But more recently, Barbara became FB friends with someone in her village. They shared the connection of one of her daughters graduating from Barbara’s college where she has been active. After numerous times each woman liked a post on FB and after she bought one of Barbara’s paintings at a local charitable event, Barbara decided to be bold. She invited her to her garden for drinks (wine) and nibbles (chips and dips and homemade cookies), and also invited some other gal pals. Her beau asked to join in. It turned out to be just the three of them. The conversation was delightful with laughs and more. They had a lot in common, including loving a certain neighborhood restaurant and its owners.
She’d rate this a 5 out of 5 with more visits together for sure.
The Beginning: Steps to Take
Decide where and when to meet. Coffee? Breakfast? Lunch? Afternoon tea? Wine? Make it simple for a first get-together. Margaret joked and asked if she should wear a red carnation in her lapel so that J. could find her.
These days ask the person how she feels about wearing or not wearing a mask in public. Ask if she has eaten inside a restaurant or would prefer outdoors?
Arrive five minutes early. Use google maps to find the meeting location, if needed. Time it right. Leave time to get lost, something that happens to both of us frequently.
Start the conversation slowly. Don’t interrogate like we tend to do as reporters—no need to ask if married, children, grandchildren, high school or college. Tone it down. It can be a turn off if you get too intrusive with a stranger. Don’t drop names or play, do you know so-and-so too much.
Before you begin, here are some additional tips to make a good impression and presentation:
A conversational template
Is it difficult to have a conversation in person after so many months of social isolation? It can be. We’ve found if it’s superficial and brief, we still have our conversational chops intact. If a longer, deeper conversation, we find ourselves a bit out of practice. Avoid politics, religion and bashing your ex if you have one of those…you might find out she knows him.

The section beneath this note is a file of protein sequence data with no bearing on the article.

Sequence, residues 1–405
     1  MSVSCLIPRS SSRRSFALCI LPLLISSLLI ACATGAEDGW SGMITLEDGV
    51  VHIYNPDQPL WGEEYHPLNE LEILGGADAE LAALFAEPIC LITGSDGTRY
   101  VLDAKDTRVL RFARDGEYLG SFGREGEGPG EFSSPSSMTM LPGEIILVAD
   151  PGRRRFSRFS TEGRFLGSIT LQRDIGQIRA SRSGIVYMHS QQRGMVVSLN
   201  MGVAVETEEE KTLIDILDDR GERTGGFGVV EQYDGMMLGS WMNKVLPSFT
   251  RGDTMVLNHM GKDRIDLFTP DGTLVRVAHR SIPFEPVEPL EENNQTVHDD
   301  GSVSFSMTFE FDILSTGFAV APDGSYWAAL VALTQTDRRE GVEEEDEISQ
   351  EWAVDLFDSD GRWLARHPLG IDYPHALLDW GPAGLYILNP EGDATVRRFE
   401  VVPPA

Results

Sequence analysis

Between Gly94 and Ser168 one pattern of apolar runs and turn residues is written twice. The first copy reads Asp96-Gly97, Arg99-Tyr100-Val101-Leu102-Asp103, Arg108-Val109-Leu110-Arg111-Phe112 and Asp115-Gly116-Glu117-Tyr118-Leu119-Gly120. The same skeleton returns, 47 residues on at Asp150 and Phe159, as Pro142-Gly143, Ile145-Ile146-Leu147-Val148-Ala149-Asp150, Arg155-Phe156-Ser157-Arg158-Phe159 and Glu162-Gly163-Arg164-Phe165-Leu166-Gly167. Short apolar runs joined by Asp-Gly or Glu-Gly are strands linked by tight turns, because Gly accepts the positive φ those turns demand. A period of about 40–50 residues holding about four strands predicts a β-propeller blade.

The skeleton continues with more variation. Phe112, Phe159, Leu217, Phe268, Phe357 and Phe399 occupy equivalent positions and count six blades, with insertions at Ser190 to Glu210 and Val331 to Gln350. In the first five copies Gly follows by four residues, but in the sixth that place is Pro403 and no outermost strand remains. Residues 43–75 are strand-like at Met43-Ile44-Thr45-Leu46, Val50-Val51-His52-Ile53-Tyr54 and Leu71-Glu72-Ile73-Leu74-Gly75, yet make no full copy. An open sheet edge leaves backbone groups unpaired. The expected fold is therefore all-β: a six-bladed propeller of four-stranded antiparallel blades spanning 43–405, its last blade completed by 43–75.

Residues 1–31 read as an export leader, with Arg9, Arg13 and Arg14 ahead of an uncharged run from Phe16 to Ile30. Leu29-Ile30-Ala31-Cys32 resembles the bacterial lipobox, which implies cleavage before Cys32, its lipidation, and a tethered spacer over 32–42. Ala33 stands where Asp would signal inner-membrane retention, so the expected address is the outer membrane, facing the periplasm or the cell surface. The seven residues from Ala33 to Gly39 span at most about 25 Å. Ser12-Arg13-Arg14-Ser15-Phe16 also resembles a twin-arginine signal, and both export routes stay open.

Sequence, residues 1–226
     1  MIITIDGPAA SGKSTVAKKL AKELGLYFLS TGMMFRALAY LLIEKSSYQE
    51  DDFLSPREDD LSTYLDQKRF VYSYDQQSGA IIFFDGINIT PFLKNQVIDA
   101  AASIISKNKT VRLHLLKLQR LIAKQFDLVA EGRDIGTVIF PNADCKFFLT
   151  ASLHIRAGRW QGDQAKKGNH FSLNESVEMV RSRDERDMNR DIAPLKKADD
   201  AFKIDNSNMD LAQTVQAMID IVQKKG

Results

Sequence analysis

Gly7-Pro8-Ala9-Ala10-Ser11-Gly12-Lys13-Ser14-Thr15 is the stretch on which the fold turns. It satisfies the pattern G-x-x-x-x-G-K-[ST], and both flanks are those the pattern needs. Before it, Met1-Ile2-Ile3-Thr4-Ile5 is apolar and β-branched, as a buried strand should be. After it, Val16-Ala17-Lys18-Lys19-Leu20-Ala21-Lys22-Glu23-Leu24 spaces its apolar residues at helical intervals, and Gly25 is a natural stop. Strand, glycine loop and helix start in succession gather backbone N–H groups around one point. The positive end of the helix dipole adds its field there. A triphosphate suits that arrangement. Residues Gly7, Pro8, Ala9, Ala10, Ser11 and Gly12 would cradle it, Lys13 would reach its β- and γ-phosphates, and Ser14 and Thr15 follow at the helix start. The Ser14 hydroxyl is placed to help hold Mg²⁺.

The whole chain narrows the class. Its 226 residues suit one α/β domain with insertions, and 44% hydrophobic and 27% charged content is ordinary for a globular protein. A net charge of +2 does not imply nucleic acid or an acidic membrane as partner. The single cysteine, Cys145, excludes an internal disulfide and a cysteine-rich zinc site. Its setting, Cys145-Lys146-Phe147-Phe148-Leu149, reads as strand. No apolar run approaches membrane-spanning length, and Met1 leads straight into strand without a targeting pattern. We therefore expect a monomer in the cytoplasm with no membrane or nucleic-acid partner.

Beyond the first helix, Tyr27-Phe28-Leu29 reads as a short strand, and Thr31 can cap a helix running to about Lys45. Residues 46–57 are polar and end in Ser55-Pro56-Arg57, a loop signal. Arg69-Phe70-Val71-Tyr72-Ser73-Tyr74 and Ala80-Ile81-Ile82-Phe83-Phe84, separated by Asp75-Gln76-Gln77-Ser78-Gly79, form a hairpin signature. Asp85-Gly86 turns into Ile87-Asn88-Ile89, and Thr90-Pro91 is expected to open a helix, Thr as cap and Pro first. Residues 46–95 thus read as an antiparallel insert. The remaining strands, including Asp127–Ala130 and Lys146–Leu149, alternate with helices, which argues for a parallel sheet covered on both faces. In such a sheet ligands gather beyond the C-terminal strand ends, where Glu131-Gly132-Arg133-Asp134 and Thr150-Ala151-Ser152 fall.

So, here is our script for getting the conversation going. And BTW: Before they sat down, J. had already told the waiter to give them separate checks.
“Hi. I’m Barbara or Margaret. It’s great to finally meet you. How are you?”
Make good eye contact, shake hands unless touching freaks you out these days and make sure you’re dressed casually but nicely. Not like a slob. Shed your torn and stretched out pandemic sweats or leggings or jeans.
“Are you from here? If not, what part of the country did you grow up?” You don’t want to get into neighborhoods.
“Are you part of a couple or single?” Don’t ask unless she volunteers to tell you what happened with the marriage.
“When did you move here and why?”
“Tell me about your work or if you’re retired what you do, any volunteer work?”
“How has the pandemic affected your work? Your social life?”
“What are some of your passions and hobbies?”
“Are you watching a lot of TV or reading? What have you enjoyed most?”
“Do you mind doing separate checks?”
If it was fun, say so. “Let’s do this again, soon. Bye.”
And if not, don’t suggest it to be kind.
How to get in and get out if the match is a bust
Again, Margaret knew the moment she saw the person she was fixed up with by a friend shortly after moving to NYC that a match was not made in heaven. She tried extra hard to make a connection because her friend arranged the date, hence the gesture to pay for the woman’s birthday lunch. If the same thing happened now, she would excuse herself and leave.
Exit strategy: “I have a meeting. It’s 2 p.m., and I must go home and take a nap. I have to walk the dog. Feed the cat. Finish work because I’m on deadline. Do the laundry.” Any of those will work, just don’t get defensive.
And remember, try to enjoy yourself. It’s fun, almost like a game or an audition. Our rule of thumb: you get what you put into it whatever the situation. And if it’s a bust, so what! You tried, so A for effort.
On the fence? It might be worth a second date
What you see when meeting someone for the first time is just the tip of the iceberg What you’re not seeing is every angle, every lens. If you kind of like the person, find them interesting but aren’t wowed, give it another try to get to know them better. Some people are less approachable or have a harder shell or are incredibly shy.
Final words: if you are a match, stay in touch. The occasional text or email never hurts. “Hey! Thinking of you and wanted to say hi! Time for another meeting/lunch/coffee/tea/glass of wine?” Sometimes, you may think the person would also like a friend of yours. The more the merrier is our philosophy of inclusiveness.
These days most of us seek connections and everybody doesn’t have to be your best friend, just a nice person will suffice as we become more social animals again.